@Daniel J Wasn't Joe Davis Stadium one of the largest in AA? I think it was well over 10,000 capacity (I could look it up, but I'm lazy). the new ballpark has a capacity of 7,000, considerably smaller, but it's a more modern design with amenities not found in decades-old ballparks like JDS. The new ballpark cost something like $48 million, so if JDS is structurally sound, removing seating and adding amenities might have been cheaper. Having 7k seats instead of 10k-plus would have made less impact on traffic too. The key is the condition of JDS, which is pretty old for a minor league ballpark, with a layout that might not have been cheaply altered. Key point: this is America, where it's out with the old and in with the new, even if the old is still usable. We've lost a lot of fine buildings to that attitude.

  • SCE to AUX SCE to AUX on Apr 16, 2020

    $0.8 billion tax relief for the Toyota/Mazda venture: OK $1.0 billion tax relief offered to Tesla by Joplin, MO: "a gift for building rich-guy trucks!"

  • Lou_BC Cool car but 35k USD?
  • Lou_BC I've owned and ridden many litre class sport bikes. Those bikes render anything on 4 wheels boring. This is cool but even if I had the cash, it would be a hard pass.
  • Jeff S Some of us don't care either way we are not into this type of car. Most of these will be stored in garages waiting for their value to go up. As someone above noted this is an old body style which is retro 70s Challenger which after researching it came out in the 2008 MY which means a long run for a model that is in its 16th year. I have always liked these but if I bought one I would not spend this kind of money on one probably get the V-6 version and use it as a family car but then I am not into drag racing or muscle cars. For the type of car it is it has a decent rear seat and not too bad of a trunk. Most of us are not going to spend 100k for any vehicle at least currently so its not something most of us will buy and stick in a garage waiting for its value to increase. I am glad that these editions came out for those who can afford them and it keeps a little more color into what has become a very dull vehicle market but then with age I pick the dull appliance like reliable vehicle because that's what I need. Impressive car but not for me.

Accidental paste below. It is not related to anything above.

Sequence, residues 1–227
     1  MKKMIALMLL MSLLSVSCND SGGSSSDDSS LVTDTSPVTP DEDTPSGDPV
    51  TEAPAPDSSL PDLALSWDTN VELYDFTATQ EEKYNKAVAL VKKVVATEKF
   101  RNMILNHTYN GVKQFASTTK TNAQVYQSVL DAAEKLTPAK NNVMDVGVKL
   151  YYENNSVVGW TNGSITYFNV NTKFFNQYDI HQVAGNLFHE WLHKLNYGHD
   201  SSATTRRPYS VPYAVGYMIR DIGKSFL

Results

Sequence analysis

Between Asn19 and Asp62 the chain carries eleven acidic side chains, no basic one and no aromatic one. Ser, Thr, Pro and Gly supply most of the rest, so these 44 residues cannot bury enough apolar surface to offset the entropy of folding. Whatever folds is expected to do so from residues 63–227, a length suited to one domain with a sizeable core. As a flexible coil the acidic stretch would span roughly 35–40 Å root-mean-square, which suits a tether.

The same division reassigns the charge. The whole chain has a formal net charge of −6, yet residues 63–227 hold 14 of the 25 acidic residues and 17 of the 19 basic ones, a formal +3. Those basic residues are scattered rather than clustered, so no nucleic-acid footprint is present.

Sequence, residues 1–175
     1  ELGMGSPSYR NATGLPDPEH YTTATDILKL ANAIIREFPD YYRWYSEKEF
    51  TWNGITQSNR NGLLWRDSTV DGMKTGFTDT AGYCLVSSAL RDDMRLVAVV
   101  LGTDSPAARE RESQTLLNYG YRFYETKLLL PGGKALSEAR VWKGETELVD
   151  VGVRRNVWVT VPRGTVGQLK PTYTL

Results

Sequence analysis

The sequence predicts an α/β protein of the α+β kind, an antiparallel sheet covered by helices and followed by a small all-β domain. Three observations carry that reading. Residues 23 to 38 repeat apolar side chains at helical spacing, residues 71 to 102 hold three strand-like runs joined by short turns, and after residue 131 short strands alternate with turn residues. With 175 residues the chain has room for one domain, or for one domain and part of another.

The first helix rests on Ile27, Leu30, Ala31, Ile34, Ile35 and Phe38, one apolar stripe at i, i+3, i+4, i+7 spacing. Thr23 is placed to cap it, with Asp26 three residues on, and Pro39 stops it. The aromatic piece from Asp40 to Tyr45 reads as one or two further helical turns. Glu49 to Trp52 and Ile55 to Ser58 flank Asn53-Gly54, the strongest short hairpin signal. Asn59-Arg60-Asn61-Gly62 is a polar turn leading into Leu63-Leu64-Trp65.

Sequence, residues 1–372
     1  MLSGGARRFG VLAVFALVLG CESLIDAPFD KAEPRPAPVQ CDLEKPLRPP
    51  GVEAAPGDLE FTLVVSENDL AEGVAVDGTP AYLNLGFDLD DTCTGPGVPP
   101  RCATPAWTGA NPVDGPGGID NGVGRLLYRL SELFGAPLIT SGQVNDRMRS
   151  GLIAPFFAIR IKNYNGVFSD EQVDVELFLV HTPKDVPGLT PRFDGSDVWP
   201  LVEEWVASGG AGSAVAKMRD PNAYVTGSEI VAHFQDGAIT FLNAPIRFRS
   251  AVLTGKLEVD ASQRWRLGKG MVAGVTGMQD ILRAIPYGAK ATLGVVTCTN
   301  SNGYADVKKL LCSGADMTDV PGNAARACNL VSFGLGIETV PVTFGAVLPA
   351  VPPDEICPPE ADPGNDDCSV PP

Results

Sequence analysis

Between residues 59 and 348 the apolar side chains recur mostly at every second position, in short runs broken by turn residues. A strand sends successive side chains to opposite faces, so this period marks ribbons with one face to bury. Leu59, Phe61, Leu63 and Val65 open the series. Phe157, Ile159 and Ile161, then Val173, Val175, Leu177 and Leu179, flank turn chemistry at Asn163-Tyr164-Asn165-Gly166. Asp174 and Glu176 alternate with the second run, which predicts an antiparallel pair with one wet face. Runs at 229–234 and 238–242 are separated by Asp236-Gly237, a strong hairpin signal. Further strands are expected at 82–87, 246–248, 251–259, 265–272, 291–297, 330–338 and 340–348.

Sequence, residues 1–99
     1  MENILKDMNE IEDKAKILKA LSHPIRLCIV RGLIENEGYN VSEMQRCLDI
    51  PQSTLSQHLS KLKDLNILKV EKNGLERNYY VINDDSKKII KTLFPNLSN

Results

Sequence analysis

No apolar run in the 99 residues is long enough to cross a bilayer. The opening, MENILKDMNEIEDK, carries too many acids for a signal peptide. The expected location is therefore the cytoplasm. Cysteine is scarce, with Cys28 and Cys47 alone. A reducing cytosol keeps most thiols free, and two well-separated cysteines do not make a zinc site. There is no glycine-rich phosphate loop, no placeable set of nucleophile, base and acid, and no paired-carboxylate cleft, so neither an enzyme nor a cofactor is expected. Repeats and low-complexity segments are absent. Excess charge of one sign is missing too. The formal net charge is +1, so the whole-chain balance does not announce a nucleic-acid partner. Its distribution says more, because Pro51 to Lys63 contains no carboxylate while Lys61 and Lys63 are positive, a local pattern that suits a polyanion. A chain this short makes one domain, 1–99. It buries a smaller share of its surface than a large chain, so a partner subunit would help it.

• Jonathan The Germans. So organized they can appear disorganized. I agree with some others, classic names like Thunderbird, Imperial, Grand Prix, Ambassador etc. just have more appeal.
  • Bobbysirhan A friend had one when they first came out. He was CFO of some green California company and could charge the Volt at work. At home, the PHEV gave him an excuse to make his wife park her nicer car outdoors while the Volt get their condo's one-car garage. He liked the Volt, and he spent very little on energy during the 'first one's free!' era of EV ownership. Of course, the green company went bust soon after, and he wound up with a job that involved far more driving and ultimately the need for a more substantial car. I drove the Volt once after his wife had made a return trip to Los Angeles, depleting the battery. I don't know what a first gen Volt drives like with a charged battery, but it was really gutless with two adults, a yellow lab, and a dead battery. My other memory of it was that it had a really cramped back seat for a car that was about as large as a Civic. My friend who bought it liked it though, and that's not always been the case for GM vehicles.